Monica M. Marion (Indiana University)
The game variously known as “Tig,” “Tag,” or “Tib” by English speakers is one of the simplest and most widespread children’s games. The student collectors of the Irish Schools’ Collection recorded over 600 descriptions of the game. This paper explores variation in Tig, using a combination of statistical measures and close reading. The game’s flexible framework allows for a complex linking of physical, linguistic, and intellectual components, including the oft-studied counting-out rhyme. This large and well-documented collection offers an unprecedented chance to examine the process of variation in transmission. Qualitative and quantitative comparisons reveal how imagination, everyday life, and the requirements of the game shape how children play.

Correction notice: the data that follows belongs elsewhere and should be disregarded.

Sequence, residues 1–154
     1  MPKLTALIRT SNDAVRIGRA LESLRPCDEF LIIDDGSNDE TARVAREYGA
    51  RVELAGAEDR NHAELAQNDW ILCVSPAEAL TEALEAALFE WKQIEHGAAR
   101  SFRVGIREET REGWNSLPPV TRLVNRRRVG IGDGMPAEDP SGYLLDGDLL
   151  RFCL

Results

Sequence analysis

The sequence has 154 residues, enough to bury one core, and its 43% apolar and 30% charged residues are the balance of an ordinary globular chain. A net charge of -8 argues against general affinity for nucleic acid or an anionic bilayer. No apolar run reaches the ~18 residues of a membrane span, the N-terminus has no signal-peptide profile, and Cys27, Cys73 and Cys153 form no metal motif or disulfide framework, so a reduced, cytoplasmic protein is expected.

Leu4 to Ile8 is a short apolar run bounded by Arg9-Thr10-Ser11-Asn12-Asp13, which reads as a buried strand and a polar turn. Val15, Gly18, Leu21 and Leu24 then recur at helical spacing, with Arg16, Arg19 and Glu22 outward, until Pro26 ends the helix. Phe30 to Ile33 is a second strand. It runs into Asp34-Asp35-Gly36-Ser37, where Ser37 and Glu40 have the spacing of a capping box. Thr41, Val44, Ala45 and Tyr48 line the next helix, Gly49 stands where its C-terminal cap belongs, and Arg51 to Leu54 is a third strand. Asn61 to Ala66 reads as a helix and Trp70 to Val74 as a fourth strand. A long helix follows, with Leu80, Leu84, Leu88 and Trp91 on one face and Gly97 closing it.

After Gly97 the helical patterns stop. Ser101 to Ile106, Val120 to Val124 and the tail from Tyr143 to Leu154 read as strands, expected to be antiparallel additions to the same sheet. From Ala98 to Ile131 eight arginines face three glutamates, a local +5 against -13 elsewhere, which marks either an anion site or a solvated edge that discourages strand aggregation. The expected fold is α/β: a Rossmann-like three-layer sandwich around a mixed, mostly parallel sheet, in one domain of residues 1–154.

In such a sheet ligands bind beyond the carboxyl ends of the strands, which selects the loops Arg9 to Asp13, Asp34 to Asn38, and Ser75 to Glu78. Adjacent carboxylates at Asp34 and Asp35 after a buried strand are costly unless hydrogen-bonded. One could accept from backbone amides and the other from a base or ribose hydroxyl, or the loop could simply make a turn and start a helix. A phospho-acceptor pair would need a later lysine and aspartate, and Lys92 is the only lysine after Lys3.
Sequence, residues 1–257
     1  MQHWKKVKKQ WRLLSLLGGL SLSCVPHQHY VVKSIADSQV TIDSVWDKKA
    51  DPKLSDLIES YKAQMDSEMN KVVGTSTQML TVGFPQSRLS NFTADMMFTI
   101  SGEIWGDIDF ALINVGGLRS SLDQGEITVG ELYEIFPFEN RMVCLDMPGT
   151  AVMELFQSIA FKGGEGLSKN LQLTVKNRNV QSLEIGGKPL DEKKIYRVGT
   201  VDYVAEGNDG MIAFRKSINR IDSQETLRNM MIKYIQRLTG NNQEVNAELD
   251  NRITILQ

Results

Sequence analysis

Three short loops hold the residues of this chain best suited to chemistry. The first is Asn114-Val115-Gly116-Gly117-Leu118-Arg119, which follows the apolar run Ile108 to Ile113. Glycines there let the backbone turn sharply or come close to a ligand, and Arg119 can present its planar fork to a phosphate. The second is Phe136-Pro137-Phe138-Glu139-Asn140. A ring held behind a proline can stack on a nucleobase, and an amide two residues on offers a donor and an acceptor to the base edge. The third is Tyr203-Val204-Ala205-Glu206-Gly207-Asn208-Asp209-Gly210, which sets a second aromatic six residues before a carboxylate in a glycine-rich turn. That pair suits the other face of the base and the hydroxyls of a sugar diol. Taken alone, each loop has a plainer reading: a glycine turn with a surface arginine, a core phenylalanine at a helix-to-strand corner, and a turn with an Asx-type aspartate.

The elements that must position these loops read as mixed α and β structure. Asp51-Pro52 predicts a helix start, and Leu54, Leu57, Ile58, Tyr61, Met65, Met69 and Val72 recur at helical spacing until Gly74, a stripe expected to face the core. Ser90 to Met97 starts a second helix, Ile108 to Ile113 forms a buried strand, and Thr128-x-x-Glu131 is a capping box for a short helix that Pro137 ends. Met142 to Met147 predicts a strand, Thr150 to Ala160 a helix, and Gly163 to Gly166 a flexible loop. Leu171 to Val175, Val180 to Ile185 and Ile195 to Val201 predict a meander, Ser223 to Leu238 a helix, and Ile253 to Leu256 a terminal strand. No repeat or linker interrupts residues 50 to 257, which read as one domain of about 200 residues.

Part of 12-07 "The Games I Play": Children's Games in 1930s Ireland, Monday, October 18, 11:15 am–12:45 pm